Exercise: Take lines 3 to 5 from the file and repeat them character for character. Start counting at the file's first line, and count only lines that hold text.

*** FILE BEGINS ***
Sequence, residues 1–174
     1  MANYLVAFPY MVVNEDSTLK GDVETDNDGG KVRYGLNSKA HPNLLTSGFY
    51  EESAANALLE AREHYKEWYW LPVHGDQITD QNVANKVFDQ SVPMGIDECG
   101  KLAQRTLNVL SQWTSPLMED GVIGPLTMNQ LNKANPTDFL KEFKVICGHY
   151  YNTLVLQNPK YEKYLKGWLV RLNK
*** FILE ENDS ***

    51  EESAANALLE AREHYKEWYW LPVHGDQITD QNVANKVFDQ SVPMGIDECG
   101  KLAQRTLNVL SQWTSPLMED GVIGPLTMNQ LNKANPTDFL KEFKVICGHY
   151  YNTLVLQNPK YEKYLKGWLV RLNK